WASP-family proteins are known to promote assembly of branched actin networks by stimulating the filament-nucleating activity of the Arp2/3 complex. Here, we show that WASP-family proteins also function as polymerases that accelerate elongation of uncapped actin filaments. When clustered on a surface, WASP-family proteins can drive branched actin networks to grow much faster than they could by direct incorporation of soluble monomers. This polymerase activity arises from the coordinated action of two regulatory sequences: (i) a WASP homology 2 (WH2) domain that binds actin, and (ii) a proline-rich sequence that binds profilin-actin complexes...
November 15, 2017: EMBO Journal
https://www.readbyqxmd.com/read/29133469/an-invisible-ubiquitin-conformation-is-required-for-efficient-phosphorylation-by-pink1
#7
Christina Gladkova, Alexander F Schubert, Jane L Wagstaff, Jonathan N Pruneda, Stefan M V Freund, David Komander
The Ser/Thr protein kinase PINK1 phosphorylates the well-folded, globular protein ubiquitin (Ub) at a relatively protected site, Ser65. We previously showed that Ser65 phosphorylation results in a conformational change in which Ub adopts a dynamic equilibrium between the known, common Ub conformation and a distinct, second conformation wherein the last β-strand is retracted to extend the Ser65 loop and shorten the C-terminal tail. We show using chemical exchange saturation transfer (CEST) nuclear magnetic resonance experiments that a similar, C-terminally retracted (Ub-CR) conformation also exists at low population in wild-type Ub...
November 13, 2017: EMBO Journal
https://www.readbyqxmd.com/read/29127156/myc-and-tumor-metabolism-chicken-and-egg
#8
REVIEW
Francesca R Dejure, Martin Eilers
Transcription factors of the MYC family are deregulated in the majority of all human cancers. Oncogenic levels of MYC reprogram cellular metabolism, a hallmark of cancer development, to sustain the high rate of proliferation of cancer cells. Conversely, cells need to modulate MYC function according to the availability of nutrients, in order to avoid a metabolic collapse. Here, we review recent evidence that the multiple interactions of MYC with cell metabolism are mutual and review mechanisms that control MYC levels and function in response to metabolic stress situations...
November 10, 2017: EMBO Journal
https://www.readbyqxmd.com/read/29127155/tumor-suppressor-tsc1-is-a-new-hsp90-co-chaperone-that-facilitates-folding-of-kinase-and-non-kinase-clients
#9
Mark R Woodford, Rebecca A Sager, Elijah Marris, Diana M Dunn, Adam R Blanden, Ryan L Murphy, Nicholas Rensing, Oleg Shapiro, Barry Panaretou, Chrisostomos Prodromou, Stewart N Loh, David H Gutmann, Dimitra Bourboulia, Gennady Bratslavsky, Michael Wong, Mehdi Mollapour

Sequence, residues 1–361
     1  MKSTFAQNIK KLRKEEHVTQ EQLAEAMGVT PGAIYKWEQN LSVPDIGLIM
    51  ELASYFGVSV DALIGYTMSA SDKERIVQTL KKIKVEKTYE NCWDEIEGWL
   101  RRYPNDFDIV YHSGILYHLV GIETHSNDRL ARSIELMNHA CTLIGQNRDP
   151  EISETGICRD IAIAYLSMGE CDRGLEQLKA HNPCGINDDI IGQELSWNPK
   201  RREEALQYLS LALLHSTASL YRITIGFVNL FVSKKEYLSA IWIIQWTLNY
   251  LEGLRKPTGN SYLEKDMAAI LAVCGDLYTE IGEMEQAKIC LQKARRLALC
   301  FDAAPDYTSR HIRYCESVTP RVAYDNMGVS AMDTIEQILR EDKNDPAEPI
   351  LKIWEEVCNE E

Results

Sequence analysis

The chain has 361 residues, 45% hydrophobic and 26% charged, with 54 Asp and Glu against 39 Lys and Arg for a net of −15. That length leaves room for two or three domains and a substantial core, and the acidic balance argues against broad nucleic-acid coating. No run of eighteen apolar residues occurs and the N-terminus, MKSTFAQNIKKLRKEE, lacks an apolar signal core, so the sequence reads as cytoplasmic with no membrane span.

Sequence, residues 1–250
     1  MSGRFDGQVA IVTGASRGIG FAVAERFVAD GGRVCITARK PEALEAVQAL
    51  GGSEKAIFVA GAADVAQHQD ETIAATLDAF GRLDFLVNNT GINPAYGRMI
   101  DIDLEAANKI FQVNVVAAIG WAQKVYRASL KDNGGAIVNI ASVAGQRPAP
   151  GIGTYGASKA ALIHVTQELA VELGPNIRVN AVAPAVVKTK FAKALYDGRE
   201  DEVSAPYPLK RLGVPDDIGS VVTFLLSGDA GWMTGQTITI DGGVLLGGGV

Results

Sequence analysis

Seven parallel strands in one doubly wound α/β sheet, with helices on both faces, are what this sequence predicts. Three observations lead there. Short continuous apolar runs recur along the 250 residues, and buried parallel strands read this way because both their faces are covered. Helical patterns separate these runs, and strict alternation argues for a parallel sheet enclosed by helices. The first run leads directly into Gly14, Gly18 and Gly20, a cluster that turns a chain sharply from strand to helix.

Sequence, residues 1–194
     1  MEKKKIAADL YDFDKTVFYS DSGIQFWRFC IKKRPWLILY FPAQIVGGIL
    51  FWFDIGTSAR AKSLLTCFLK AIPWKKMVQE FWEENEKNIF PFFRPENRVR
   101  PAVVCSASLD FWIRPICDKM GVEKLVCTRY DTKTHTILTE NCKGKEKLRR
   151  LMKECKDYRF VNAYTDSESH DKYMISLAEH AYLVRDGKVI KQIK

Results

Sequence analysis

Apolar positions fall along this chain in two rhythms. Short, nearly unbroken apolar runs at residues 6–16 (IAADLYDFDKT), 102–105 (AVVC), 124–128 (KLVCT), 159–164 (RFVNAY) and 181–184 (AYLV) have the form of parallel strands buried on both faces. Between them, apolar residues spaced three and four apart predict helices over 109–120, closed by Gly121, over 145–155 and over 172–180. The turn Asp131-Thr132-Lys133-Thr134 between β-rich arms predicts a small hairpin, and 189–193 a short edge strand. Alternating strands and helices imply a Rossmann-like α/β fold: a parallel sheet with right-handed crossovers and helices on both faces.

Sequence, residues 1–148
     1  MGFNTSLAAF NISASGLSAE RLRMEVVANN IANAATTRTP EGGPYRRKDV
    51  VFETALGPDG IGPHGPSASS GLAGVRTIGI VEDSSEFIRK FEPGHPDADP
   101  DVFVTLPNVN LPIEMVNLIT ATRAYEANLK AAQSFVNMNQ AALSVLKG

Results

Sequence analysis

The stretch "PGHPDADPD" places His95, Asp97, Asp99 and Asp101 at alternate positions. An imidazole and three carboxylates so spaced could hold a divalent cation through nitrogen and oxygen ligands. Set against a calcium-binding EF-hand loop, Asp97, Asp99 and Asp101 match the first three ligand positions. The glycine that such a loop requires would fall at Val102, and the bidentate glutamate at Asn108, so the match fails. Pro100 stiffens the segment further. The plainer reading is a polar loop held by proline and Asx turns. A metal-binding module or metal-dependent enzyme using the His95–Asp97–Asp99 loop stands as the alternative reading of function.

The tumor suppressors Tsc1 and Tsc2 form the tuberous sclerosis complex (TSC), a regulator of mTOR activity. Tsc1 stabilizes Tsc2; however, the precise mechanism involved remains elusive. The molecular chaperone heat-shock protein 90 (Hsp90) is an essential component of the cellular homeostatic machinery in eukaryotes. Here, we show that Tsc1 is a new co-chaperone for Hsp90 that inhibits its ATPase activity. The C-terminal domain of Tsc1 (998-1,164 aa) forms a homodimer and binds to both protomers of the Hsp90 middle domain...
November 10, 2017: EMBO Journal
https://www.readbyqxmd.com/read/29118001/real-time-detection-of-condensin-driven-dna-compaction-reveals-a-multistep-binding-mechanism
#10
Jorine M Eeftens, Shveta Bisht, Jacob Kerssemakers, Marc Kschonsak, Christian H Haering, Cees Dekker
Condensin, a conserved member of the SMC protein family of ring-shaped multi-subunit protein complexes, is essential for structuring and compacting chromosomes. Despite its key role, its molecular mechanism has remained largely unknown. Here, we employ single-molecule magnetic tweezers to measure, in real time, the compaction of individual DNA molecules by the budding yeast condensin complex. We show that compaction can proceed in large steps, driving DNA molecules into a fully condensed state against forces of up to 2 pN...
November 8, 2017: EMBO Journal
https://www.readbyqxmd.com/read/29118000/ca-2-calmodulin-binding-to-psd-95-mediates-homeostatic-synaptic-scaling-down
#11
Dhrubajyoti Chowdhury, Matthew Turner, Tommaso Patriarchi, Anne C Hergarden, David Anderson, Yonghong Zhang, Junqing Sun, Chao-Yin Chen, James B Ames, Johannes W Hell
Postsynaptic density protein-95 (PSD-95) localizes AMPA-type glutamate receptors (AMPARs) to postsynaptic sites of glutamatergic synapses. Its postsynaptic displacement is necessary for loss of AMPARs during homeostatic scaling down of synapses. Here, we demonstrate that upon Ca(2+) influx, Ca(2+)/calmodulin (Ca(2+)/CaM) binding to the N-terminus of PSD-95 mediates postsynaptic loss of PSD-95 and AMPARs during homeostatic scaling down. Our NMR structural analysis identified E17 within the PSD-95 N-terminus as important for binding to Ca(2+)/CaM by interacting with R126 on CaM...
November 8, 2017: EMBO Journal
https://www.readbyqxmd.com/read/29109154/hierarchical-protein-targeting-and-secretion-is-controlled-by-an-affinity-switch-in-the-type-iii-secretion-system-of-enteropathogenic-escherichia-coli
#12
Athina G Portaliou, Konstantinos C Tsolis, Maria S Loos, Vassileia Balabanidou, Josep Rayo, Alexandra Tsirigotaki, Valerie F Crepin, Gad Frankel, Charalampos G Kalodimos, Spyridoula Karamanou, Anastassios Economou
Type III secretion (T3S), a protein export pathway common to Gram-negative pathogens, comprises a trans-envelope syringe, the injectisome, with a cytoplasm-facing translocase channel. Exported substrates are chaperone-delivered to the translocase, EscV in enteropathogenic Escherichia coli, and cross it in strict hierarchical manner, for example, first "translocators", then "effectors". We dissected T3S substrate targeting and hierarchical switching by reconstituting them in vitro using inverted inner membrane vesicles...